The House of Lords has proven a consistent thorn in the government’s side on Brexit.
Britain unelected upper house will today debate the EU withdrawal bill, the legislation that will formally enact Brexit.
The House of Lords, where the opposition Labour and Liberal Democrats outnumber PM Theresa May’s Conservatives, has proven a consistent thorn in the government’s side on Brexit. This month, the chamber voted for an amendment to the Brexit bill that sought to keep Britain in the customs union. Then, the Lords dealt Ms May another blow by supporting a change that would prevent the UK’s exit without a deal.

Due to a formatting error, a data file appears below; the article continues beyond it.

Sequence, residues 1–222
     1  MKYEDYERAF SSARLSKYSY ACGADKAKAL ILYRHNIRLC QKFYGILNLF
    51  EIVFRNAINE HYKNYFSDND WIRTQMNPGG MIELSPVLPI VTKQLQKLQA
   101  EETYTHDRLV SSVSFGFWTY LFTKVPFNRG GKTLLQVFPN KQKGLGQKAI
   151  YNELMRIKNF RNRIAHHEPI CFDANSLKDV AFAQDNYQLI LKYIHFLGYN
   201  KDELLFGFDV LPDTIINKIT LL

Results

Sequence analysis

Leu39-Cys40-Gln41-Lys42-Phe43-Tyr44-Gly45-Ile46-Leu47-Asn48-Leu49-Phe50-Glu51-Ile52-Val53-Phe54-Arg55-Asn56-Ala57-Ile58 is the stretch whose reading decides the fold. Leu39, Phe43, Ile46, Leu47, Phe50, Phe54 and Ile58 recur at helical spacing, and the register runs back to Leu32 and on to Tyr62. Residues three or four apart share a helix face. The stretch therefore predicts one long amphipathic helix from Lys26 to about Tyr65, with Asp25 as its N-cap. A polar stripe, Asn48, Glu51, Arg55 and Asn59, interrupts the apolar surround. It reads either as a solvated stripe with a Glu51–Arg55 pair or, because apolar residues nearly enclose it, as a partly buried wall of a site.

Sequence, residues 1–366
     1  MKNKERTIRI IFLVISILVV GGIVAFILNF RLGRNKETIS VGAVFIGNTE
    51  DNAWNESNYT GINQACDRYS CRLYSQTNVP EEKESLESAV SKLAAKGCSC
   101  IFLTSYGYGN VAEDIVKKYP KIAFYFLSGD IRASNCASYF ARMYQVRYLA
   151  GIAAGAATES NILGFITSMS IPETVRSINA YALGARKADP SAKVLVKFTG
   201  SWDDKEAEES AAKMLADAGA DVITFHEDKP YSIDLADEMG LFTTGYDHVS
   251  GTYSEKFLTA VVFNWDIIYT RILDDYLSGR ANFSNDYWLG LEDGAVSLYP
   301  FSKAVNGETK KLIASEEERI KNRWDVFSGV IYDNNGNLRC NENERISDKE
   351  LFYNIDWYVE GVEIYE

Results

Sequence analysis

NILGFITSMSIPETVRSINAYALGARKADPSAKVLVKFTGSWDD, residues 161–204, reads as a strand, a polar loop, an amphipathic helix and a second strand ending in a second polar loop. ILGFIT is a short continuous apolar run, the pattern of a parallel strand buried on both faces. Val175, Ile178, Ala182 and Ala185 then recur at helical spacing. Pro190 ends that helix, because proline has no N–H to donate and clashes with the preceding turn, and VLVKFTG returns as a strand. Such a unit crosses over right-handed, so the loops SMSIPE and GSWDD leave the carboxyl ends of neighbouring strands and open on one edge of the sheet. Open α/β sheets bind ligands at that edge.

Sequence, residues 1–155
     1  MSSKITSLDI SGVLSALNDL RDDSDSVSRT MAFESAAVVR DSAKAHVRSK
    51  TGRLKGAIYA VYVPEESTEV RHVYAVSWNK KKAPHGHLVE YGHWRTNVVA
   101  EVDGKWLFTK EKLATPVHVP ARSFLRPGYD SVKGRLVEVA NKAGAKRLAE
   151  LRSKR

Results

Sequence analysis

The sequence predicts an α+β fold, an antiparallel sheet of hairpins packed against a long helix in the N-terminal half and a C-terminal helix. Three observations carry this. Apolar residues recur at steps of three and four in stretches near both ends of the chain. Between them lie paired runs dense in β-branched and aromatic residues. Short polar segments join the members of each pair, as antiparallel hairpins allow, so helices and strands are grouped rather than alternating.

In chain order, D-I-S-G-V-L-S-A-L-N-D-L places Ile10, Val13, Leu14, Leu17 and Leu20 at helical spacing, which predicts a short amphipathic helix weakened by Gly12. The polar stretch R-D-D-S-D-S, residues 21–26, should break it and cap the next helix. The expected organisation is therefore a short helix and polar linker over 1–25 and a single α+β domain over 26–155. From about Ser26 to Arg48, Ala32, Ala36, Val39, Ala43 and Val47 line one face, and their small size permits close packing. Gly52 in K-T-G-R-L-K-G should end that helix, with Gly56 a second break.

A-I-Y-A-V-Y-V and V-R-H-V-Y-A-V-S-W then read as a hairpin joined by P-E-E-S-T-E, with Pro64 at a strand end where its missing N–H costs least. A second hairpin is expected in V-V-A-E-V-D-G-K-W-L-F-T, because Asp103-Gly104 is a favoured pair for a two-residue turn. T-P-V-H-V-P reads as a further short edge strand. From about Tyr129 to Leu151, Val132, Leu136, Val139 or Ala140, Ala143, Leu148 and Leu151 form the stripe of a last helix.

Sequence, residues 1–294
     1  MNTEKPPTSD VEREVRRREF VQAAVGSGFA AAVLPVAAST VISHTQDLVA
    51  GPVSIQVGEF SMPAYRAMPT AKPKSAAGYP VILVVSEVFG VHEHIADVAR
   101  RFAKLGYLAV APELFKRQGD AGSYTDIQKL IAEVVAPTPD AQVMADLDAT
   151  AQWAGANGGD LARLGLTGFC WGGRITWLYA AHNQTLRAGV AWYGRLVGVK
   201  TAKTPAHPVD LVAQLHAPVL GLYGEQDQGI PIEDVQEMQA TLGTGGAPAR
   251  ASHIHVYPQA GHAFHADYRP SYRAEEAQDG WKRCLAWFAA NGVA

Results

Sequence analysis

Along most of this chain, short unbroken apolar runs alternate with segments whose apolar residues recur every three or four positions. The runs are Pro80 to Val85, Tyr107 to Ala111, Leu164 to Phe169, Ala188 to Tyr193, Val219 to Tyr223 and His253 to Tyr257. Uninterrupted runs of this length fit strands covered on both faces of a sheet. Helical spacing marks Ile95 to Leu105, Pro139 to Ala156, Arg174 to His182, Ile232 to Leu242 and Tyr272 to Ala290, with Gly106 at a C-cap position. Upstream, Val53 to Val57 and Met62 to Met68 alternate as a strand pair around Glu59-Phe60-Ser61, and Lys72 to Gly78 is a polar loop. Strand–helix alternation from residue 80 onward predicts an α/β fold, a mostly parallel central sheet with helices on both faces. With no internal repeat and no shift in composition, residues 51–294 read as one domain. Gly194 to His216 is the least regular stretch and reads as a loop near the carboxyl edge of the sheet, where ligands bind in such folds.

While the Lords have little power to directly affect policy, the upper house’s moves will embolden pro-EU lawmakers in the all-important lower house to press their line against the government and insert similar amendments when they vote on the bill. Pressure from the upper house will increase the chance parliament will get a vote on the final deal.
However, the Lords’ positions have angered Brexit supporters. A petition for a referendum to abolish the House gathered over 150,000 signatures after the EU bill votes, well surpassing the threshold to be debated in parliament. Expect the unelected house to weather the criticism, though the Lords may lose support from the right in the process.